Over at The Futures Company blog I have a short post on Tesco’s problems, prompted by the abrupt dismissal of its Chief Executive Philip Clarke in the face of the continuing pressure on the company’s market share and profitability.
For non-British readers,Tesco is (still) Britain’s largest supermarket, but having been utterly dominant in the 1990s, has been struggling for much of the past decade.
The first thing I said in the post was that the food market had become more complex since the financial crisis, and Tesco hadn’t been able to follow. This normally translates into a story about being “assailed by discounters”, but the discount proposition isn’t just about price. People who advise Tesco to turn its attention to fighting with discounters on price show they don’t really understand how the market has changed.
The Tesco proposition was built on ruthless price competition, on promoting ‘choice’, and also serving both ends of the market. One of the things that consumers learnt from the financial crisis was that choice costs money, and that some of Tesco’s deals were less straightforward – and less straight – than they looked. Clarke tried to address some of these issues, but this takes more time than he was given. And the Aldi and Lidl proposition isn’t just about price; it’s also about simplicity and a bit of bargain-hunting (listen to its customers talking about their wine selection if you doubt this).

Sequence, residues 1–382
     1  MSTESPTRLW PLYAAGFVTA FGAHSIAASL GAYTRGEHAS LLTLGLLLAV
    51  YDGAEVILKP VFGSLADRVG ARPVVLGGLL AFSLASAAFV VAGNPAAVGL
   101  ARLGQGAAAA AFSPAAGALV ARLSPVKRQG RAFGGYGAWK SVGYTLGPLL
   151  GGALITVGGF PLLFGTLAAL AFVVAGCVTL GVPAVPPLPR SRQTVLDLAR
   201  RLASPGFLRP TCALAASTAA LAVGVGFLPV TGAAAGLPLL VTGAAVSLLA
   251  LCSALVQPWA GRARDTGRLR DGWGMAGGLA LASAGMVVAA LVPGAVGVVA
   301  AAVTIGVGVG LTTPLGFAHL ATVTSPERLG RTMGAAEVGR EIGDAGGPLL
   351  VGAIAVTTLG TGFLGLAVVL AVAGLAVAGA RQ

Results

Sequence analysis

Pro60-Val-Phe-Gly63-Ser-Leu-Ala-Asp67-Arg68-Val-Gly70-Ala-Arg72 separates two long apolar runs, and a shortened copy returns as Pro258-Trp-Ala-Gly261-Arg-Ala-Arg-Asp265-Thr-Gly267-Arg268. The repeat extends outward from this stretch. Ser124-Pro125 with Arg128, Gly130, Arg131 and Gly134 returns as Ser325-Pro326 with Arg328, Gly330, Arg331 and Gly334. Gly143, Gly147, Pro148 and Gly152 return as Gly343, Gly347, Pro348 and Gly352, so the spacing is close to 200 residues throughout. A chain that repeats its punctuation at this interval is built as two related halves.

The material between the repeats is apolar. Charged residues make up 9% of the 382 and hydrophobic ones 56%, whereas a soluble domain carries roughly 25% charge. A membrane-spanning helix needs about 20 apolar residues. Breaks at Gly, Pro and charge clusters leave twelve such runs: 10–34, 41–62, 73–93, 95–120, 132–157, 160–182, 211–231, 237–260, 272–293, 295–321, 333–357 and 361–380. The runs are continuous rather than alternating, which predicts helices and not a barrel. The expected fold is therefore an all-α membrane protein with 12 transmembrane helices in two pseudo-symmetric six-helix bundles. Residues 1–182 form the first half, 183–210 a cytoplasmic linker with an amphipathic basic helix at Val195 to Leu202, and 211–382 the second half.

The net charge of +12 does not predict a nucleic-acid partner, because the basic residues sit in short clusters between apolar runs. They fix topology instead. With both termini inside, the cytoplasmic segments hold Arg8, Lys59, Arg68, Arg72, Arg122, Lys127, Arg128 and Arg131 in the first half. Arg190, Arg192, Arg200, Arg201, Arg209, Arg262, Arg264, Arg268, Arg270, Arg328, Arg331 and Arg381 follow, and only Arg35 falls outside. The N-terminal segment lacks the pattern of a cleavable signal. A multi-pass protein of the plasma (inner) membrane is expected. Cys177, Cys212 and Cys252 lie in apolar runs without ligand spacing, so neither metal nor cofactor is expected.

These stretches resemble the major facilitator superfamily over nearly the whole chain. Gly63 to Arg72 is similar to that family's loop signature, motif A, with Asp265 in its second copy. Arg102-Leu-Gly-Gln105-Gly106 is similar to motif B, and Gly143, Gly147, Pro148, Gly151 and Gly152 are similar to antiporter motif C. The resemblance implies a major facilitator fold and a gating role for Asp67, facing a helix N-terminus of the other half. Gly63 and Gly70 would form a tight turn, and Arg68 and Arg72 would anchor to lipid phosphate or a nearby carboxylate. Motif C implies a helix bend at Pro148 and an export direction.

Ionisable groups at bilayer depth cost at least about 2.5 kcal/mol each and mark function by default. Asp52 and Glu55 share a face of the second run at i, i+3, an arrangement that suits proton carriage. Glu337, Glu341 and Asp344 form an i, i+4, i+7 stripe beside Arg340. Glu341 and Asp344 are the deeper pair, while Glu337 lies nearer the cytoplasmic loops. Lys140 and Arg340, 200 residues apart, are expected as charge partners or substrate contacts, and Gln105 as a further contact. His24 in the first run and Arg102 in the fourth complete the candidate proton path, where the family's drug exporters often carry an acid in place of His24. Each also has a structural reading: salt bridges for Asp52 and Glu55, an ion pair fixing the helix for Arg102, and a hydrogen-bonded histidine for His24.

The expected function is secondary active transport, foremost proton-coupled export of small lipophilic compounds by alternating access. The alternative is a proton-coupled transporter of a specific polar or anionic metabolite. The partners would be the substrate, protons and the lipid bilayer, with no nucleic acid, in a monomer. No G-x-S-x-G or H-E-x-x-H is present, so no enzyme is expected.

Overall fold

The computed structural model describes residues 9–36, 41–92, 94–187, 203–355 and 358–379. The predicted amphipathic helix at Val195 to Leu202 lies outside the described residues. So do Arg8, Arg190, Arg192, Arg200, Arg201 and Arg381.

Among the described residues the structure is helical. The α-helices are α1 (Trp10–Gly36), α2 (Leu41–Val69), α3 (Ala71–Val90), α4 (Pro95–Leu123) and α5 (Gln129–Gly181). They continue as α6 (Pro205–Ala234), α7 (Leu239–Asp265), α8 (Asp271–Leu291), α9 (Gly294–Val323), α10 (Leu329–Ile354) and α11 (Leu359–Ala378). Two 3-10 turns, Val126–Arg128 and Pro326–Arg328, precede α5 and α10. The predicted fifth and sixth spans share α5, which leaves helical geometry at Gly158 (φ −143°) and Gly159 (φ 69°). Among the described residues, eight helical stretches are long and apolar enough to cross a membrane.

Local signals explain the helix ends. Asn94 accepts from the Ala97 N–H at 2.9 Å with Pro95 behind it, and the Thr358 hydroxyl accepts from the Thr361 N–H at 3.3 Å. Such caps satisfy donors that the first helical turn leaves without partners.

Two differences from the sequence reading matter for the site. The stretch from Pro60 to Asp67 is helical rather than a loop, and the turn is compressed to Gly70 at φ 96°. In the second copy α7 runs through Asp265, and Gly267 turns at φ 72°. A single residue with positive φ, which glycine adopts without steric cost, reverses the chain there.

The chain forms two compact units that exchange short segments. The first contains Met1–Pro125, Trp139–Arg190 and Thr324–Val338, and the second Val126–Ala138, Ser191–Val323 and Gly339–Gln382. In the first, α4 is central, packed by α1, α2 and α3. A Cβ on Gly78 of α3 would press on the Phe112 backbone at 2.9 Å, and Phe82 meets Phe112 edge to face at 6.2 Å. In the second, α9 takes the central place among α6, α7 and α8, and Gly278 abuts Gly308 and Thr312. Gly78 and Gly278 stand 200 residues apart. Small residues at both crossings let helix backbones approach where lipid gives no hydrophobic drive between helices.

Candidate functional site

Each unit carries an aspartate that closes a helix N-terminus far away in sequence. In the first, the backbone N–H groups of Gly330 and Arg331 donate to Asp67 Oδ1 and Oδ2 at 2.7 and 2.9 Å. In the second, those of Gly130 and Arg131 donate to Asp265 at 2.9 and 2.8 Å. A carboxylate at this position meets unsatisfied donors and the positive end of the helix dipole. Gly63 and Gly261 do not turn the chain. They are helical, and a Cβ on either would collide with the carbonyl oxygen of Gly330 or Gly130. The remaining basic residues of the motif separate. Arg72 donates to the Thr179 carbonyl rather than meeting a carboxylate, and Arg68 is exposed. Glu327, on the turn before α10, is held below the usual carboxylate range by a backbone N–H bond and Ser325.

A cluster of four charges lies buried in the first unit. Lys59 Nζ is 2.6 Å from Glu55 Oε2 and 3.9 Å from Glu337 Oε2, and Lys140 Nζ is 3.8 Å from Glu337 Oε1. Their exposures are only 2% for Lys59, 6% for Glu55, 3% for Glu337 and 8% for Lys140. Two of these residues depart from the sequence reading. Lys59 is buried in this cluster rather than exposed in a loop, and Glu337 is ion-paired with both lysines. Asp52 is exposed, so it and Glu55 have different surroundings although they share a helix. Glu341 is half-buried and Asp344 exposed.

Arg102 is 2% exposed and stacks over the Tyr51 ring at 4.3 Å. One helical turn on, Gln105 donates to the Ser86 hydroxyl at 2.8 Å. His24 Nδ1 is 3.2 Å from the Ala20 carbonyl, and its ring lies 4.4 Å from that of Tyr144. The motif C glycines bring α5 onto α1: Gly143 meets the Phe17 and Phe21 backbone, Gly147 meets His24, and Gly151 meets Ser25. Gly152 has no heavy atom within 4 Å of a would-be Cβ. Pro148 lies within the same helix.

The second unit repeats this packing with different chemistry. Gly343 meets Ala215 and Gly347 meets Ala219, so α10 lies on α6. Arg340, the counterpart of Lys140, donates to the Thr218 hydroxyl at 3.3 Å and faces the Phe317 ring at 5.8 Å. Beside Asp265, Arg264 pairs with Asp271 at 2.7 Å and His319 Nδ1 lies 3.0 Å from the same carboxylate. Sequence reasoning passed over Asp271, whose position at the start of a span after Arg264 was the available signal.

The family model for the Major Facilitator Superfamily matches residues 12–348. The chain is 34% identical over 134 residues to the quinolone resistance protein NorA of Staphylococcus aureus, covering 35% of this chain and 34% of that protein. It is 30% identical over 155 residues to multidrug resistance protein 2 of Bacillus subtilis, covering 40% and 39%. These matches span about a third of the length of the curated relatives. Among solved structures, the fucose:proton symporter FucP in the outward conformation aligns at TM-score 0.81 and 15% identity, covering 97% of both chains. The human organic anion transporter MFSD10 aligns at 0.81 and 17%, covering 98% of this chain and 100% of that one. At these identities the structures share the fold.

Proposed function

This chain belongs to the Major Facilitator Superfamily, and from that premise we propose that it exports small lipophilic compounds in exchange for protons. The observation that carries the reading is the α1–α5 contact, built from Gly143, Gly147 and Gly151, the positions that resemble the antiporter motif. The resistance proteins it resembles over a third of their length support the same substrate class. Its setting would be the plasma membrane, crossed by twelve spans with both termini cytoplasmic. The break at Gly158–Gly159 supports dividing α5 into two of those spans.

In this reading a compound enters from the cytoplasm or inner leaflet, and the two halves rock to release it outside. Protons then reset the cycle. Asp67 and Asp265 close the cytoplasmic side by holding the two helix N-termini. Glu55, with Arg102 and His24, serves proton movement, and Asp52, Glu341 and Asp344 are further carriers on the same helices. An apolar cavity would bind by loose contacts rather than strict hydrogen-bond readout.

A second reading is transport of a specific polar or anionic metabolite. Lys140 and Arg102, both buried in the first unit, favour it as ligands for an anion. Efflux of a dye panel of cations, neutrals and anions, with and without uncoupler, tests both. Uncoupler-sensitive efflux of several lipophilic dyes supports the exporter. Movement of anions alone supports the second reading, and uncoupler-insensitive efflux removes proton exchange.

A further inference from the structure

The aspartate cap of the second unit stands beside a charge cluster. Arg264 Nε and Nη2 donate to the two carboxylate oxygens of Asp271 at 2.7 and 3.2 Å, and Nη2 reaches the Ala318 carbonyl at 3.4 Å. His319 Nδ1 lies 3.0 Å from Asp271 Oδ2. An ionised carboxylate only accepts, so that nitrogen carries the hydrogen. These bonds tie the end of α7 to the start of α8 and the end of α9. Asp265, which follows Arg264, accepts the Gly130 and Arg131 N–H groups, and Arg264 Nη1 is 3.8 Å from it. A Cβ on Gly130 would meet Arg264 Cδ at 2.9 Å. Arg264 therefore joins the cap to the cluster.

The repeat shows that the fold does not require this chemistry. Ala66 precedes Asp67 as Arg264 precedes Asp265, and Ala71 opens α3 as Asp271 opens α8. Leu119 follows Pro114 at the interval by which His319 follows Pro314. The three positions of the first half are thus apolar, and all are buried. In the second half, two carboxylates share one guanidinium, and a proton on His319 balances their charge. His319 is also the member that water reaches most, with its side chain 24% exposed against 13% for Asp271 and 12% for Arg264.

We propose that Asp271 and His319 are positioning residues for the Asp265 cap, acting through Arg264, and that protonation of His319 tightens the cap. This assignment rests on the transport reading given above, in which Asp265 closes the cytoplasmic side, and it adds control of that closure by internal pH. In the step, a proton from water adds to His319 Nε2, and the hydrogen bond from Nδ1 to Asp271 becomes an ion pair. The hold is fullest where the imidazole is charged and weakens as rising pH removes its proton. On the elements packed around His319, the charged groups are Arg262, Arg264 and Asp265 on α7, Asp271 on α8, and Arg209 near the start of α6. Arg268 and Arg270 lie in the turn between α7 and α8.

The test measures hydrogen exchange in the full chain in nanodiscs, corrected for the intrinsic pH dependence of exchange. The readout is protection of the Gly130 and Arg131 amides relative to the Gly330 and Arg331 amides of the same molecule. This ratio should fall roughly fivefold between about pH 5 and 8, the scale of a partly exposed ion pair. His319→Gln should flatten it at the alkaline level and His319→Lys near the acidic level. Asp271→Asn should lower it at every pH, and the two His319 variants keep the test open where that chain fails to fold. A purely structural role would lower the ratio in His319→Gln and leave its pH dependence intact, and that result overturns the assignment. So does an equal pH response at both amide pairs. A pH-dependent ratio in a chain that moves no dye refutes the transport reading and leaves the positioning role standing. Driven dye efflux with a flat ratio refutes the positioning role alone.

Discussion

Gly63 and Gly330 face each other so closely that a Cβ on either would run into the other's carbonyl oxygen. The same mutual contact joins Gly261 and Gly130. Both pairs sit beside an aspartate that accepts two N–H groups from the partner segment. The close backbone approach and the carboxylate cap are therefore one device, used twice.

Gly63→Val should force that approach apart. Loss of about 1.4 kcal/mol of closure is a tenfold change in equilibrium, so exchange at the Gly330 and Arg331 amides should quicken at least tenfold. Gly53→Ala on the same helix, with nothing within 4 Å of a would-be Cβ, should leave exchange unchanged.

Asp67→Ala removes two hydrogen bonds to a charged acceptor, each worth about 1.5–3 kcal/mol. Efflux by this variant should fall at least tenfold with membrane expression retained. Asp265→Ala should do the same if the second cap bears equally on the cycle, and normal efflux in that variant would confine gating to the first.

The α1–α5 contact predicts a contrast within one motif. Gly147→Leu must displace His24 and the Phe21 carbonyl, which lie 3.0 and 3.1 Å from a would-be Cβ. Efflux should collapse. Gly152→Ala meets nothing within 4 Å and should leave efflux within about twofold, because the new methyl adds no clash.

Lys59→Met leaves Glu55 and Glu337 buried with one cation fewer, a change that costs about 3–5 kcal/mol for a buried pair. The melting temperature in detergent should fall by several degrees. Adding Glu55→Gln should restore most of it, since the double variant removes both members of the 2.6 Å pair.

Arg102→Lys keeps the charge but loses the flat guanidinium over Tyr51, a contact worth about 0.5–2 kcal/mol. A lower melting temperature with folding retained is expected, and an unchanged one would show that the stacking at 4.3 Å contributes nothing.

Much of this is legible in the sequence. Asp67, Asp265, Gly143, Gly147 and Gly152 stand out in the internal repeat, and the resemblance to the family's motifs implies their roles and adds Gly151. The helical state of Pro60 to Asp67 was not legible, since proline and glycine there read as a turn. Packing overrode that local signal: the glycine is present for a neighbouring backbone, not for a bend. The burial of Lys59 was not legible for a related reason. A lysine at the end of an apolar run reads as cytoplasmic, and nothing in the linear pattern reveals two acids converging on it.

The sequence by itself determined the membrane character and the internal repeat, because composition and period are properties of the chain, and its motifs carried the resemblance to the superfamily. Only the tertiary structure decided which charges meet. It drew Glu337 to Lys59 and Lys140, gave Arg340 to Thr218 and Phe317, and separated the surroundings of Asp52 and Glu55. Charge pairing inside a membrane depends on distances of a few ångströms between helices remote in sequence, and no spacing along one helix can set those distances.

The price of emotion
The second point is that, in effect, Tesco spent thirty years taking the emotion out of food with its hard-edged price-driven consumer proposition. One of the consequences of the financial crisis was that people put emotion back into food again, partly because it’s a low-cost way of entertaining, partly because of a shift in values. But every time Tesco has tried to shore up its market position, it’s done it by yet more price promotions. Its mental models get in the way of looking at the market. When you see nails wherever you turn, its not surprising that you always reach for a hammer.
[After the crisis] food became an important part of social nurturing. Sainsbury’s and Waitrose – and also Marks & Spencer – all understood this, and created new stories, and new deals, to build this up. In short, food regained its emotional aspect, while Tesco was still stuck firmly in transactional mode. … And it still is in transaction mode: every time the company tries to address its decline in the UK, its default position is price-based promotion. Its competitors are playing a different game, but Tesco seems unable to escape from the strategy and tactics that helped it grow during the boom years. The category rules have changed, and Tesco hasn’t.
As Martin Vander Weyer blogged at The Spectator, Tesco had become ‘a business-school case study of a brand that has lost all positive emotional connection to its customers’
And the third point is a wider one, perhaps of more interest to futurists. Tesco was perfectly formed for the decades that it did well in; hard-nosed, brutal in its negotiations, indifferent to the environmental impact it had, protecting its dominance in the out-of-town “weekly shop” market with a vast property portfolio and willingness to bruise with planning officers. Its Clubcard, with its 19 million members, was thought to give it an impregnable market position, such that irs competitors would always be playing catch-up.